Separation of Church and State


A brief history of the phrase, “Separation of Church and State.” Many are surprised to find that it is not in the Constitution of the United States.

The phrase, “A wall of separation between church and state” is a hotly debated issue across America. It refers to the First Amendment of the United State Constitution, which, ironically, does not contain that phrase, nor is it anywhere throughout the document.

The Establishment Clause – It Does Not Say “Separation of Church and State”

The First Amendment, with regards to religion, simply states “Congress shall make no law respecting an establishment of religion or prohibiting the free exercise thereof . . .”. It clearly forbids the government from influencing religion, but says nothing about religion influencing government. How, then, has the phrase “a wall of separation between church and state” become such a contested topic?

History of Church and State Before the Constitution

In 1767, three members Baptist preachers were arrested for preaching their faith. A group of activists emerged, including Thomas Jefferson and George Mason. The end result was the Virginia Statute for Religious Freedom, which was included in the Virginia Constitution, and states, in part, “no man shall be compelled to frequent or support any religious worship, place, or ministry whatsoever, nor shall be enforced, restrained, molested, or burthened in his body or goods, nor shall otherwise suffer on account of his religious opinions or belief; but that all men shall be free to profess, and by argument to maintain, their opinion in matters of religion, and that the same shall in no wise diminish, enlarge, or affect their civil capacities.” Although most colonies, and later states, had state religions, this was the basis for the First Amendment of the U.S. Constitution.

History of Church and State After the Constitution

1802, Baptists in Connecticut began to become concerned that Congress would enact a National religion. They wrote Thomas Jefferson, who responded in what is now known as the Danbury Letter, as follows: “. . . I contemplate with sovereign reverence that act of the whole American people which declared that their legislature should ‘make no law respecting an establishment of religion, or prohibiting the free exercise thereof,’ thus building a wall of separation between Church & State.” Again, the intent is clear – their legislature should not interfere with religion, not the other way around.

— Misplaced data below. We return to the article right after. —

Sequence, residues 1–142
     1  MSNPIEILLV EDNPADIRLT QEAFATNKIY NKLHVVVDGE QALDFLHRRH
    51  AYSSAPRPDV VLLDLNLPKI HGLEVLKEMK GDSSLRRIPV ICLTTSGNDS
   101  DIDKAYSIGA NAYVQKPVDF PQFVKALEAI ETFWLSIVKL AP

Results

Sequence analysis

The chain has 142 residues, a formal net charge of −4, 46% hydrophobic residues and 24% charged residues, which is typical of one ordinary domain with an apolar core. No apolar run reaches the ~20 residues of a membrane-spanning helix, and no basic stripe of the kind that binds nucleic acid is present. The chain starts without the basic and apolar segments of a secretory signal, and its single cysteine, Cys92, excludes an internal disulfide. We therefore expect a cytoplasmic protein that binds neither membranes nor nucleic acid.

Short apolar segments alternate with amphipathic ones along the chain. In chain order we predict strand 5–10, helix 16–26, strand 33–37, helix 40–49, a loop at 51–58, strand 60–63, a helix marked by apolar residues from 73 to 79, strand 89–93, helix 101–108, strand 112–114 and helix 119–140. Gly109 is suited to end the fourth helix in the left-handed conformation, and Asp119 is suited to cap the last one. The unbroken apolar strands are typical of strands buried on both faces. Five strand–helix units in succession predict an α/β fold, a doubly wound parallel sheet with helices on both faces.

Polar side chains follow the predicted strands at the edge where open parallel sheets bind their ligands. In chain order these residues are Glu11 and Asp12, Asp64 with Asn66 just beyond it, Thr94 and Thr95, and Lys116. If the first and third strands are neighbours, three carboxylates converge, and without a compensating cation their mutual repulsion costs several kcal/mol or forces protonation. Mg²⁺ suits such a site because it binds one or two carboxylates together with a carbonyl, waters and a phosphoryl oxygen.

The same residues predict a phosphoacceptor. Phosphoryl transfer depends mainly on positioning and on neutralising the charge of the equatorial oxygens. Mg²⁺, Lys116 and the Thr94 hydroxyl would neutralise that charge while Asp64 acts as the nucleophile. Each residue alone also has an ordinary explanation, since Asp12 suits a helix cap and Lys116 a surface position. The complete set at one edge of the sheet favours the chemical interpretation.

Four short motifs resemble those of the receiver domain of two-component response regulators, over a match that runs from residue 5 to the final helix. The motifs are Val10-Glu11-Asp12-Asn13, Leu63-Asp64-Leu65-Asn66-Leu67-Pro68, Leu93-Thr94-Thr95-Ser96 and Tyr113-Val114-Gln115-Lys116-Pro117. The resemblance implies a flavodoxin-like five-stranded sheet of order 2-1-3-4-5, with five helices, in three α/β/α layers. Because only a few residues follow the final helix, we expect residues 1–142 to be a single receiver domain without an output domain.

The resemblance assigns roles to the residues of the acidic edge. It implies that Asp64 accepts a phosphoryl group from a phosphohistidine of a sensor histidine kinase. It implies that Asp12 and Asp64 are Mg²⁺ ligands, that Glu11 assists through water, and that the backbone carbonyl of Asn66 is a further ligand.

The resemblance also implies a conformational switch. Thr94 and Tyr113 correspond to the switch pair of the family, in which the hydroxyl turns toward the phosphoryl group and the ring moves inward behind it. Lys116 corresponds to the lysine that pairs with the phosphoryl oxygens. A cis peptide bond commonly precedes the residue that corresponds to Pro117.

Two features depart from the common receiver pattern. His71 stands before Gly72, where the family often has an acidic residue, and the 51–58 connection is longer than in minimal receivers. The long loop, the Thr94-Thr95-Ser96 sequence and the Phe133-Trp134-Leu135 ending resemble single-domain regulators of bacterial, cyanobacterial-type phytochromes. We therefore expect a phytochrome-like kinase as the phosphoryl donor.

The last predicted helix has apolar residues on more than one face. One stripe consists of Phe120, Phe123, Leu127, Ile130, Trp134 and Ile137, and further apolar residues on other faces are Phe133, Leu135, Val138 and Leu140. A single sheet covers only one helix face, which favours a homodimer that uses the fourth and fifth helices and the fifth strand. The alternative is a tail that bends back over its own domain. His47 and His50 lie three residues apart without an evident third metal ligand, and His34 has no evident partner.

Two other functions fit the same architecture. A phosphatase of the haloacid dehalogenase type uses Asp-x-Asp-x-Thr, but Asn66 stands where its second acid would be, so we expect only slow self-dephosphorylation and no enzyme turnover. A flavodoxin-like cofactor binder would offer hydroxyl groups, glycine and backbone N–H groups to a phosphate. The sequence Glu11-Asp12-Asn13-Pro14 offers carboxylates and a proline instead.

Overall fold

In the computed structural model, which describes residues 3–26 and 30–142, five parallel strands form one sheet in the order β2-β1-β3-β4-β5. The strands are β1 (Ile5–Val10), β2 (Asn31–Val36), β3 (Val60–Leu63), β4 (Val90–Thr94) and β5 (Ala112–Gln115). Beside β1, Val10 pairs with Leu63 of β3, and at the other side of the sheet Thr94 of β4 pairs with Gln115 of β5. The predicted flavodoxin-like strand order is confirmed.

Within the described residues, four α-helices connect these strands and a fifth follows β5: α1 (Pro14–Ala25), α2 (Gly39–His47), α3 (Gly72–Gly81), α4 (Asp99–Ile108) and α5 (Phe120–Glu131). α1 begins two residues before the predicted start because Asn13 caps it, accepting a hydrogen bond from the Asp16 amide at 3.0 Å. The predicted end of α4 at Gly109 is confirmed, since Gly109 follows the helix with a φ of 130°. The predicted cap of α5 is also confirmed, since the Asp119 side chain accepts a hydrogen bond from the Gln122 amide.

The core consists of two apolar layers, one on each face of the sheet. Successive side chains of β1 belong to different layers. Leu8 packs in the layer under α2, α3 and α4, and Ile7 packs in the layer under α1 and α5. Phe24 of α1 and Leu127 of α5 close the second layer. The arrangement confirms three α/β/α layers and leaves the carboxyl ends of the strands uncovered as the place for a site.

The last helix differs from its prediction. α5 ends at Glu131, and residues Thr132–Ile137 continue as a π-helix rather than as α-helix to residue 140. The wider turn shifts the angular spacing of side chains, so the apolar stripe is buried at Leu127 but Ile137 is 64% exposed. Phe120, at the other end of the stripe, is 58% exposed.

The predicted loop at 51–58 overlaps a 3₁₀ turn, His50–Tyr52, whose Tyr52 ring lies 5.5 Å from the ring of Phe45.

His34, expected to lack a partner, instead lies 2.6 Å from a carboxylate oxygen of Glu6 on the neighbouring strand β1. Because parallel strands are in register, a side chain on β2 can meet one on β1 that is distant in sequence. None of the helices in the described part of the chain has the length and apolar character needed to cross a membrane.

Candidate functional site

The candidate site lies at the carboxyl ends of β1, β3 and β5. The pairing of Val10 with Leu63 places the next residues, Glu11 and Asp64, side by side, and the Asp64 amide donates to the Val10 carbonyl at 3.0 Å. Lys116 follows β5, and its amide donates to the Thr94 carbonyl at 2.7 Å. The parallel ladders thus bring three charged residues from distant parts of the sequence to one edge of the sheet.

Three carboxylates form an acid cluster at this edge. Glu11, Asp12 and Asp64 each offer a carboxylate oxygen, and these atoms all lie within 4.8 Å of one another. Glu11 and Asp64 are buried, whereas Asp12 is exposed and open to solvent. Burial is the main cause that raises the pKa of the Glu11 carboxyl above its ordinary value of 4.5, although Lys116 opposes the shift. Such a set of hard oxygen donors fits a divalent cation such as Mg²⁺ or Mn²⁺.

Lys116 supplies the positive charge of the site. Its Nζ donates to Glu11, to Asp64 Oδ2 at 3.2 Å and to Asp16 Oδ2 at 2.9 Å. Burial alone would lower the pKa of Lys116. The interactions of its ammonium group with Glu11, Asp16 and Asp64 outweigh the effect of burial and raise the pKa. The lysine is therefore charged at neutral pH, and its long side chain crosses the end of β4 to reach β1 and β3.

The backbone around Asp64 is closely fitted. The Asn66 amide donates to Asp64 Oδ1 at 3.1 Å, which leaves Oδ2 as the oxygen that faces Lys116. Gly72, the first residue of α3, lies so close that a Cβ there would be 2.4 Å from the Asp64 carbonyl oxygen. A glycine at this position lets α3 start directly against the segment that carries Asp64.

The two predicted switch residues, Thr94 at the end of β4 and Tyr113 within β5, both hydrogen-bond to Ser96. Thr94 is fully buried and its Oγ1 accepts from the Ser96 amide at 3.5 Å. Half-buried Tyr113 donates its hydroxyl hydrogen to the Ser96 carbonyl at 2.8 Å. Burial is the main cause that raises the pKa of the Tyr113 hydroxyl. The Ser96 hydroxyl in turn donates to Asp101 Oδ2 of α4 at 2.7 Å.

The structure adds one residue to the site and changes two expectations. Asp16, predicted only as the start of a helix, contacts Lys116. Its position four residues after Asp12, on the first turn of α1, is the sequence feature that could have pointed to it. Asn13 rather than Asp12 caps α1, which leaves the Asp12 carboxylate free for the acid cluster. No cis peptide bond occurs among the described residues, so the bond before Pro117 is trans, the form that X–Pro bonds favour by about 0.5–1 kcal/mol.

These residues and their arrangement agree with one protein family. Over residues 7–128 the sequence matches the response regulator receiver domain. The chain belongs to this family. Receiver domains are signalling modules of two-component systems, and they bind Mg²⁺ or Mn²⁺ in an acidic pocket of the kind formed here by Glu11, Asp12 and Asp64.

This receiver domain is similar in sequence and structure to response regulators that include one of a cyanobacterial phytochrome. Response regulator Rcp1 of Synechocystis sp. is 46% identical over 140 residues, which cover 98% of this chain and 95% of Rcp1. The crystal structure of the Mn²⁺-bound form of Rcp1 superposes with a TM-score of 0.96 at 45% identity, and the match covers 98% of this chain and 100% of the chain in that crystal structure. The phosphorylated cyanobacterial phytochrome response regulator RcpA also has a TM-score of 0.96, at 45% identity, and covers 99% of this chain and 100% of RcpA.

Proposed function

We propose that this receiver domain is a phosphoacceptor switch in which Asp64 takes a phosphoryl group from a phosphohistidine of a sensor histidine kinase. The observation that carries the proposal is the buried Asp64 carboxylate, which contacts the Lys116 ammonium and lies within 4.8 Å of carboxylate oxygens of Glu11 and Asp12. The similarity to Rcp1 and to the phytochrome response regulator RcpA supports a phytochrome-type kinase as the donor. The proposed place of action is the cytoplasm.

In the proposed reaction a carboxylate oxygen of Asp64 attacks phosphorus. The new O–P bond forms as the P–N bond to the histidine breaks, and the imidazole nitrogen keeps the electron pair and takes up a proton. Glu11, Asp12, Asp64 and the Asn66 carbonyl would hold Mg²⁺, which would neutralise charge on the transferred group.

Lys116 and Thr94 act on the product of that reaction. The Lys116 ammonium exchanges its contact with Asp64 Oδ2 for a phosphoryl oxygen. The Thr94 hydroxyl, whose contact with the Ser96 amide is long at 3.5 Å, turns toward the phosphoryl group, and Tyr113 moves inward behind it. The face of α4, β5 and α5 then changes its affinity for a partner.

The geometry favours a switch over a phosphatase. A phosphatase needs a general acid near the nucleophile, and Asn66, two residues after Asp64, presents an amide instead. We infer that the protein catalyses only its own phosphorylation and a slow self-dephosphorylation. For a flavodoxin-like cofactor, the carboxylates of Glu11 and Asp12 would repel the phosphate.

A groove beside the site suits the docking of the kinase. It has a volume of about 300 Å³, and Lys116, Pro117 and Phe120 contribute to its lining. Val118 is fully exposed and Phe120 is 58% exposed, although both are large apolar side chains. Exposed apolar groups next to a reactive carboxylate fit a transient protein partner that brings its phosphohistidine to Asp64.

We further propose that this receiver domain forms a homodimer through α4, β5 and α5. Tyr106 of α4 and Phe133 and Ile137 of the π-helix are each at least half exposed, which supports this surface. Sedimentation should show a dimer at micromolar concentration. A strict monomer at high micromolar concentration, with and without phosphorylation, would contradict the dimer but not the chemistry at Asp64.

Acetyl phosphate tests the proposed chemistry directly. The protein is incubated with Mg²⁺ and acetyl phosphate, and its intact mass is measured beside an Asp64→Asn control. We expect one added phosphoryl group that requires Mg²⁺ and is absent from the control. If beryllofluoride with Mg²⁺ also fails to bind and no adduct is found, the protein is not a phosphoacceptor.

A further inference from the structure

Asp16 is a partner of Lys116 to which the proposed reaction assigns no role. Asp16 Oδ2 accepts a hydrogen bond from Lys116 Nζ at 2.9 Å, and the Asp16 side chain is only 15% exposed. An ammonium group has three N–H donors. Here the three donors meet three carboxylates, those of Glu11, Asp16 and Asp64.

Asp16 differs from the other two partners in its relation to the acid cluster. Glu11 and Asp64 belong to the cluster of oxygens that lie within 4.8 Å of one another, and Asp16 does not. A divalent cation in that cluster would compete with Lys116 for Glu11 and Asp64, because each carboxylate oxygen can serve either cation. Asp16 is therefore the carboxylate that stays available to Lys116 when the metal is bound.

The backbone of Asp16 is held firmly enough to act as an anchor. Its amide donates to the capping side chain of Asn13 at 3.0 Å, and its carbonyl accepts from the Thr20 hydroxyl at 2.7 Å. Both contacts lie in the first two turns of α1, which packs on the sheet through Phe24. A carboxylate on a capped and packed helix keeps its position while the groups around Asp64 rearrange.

Supreme Court Justice Stevens on Church and State

In modern times, separation has been used to prohibit public prayer, public displays such as nativity scenes, and even high school baccalaureate ceremonies. John Paul Stevens, U.S. Supreme Court Justice, agrees with separation to this degree.

In Van Orden v. Perry, 545 U.S. 677 (June 27, 2005), Justice Stevens was opposed to a Texas display of the Ten Commandments on the Capitol grounds. He says, “The profoundly sacred message embodied by the text inscribed on the Texas monument is emphasized by the especially large letters that identify its author: “I AM the LORD they God.’ It commands present worship of Him and no other deity.”

Justice Stevens goes on to say, “The Establishment Clause, if nothing else, forbids government from ‘specifying details upon which men and women who believe in a benevolent, omnipotent Creator and Rule of the world are known to differ’.”

Supreme Court Justice Scalia on Church and State

Antonin Scalia, U.S. Supreme Court Justice, has a different view. In McCreary County, et al., v. American Civil Liberties Union of Kentucky, et al., 545 U.S. 844 (June 27, 2005), after citing much history, he states: “With all of this reality (and much more) staring it in the face, how can the Court possibly assert that ‘the First Amendment mandates governmental neutrality between . . . religion and nonreligion . . . “

With respect to a display of the Ten Commandments specifically, Justice Scalia says, “When the Ten Commandments appear alongside other documents of secular significance in a display devoted to the foundations of American law and government, the context communicates that the Ten Commandments are included, not to teach their binding nature as a religious text, but to show their unique contribution to the development of the legal system.”

There is clearly a trend back to the middle on the issue of ‘Separation of Church and State.’ While no one wants the government telling which faith to practice, most Americans are tolerant of students reading independent scriptures in school, and prayers before athletic events. It seems the pendulum has swung to the extreme and is coming back to center.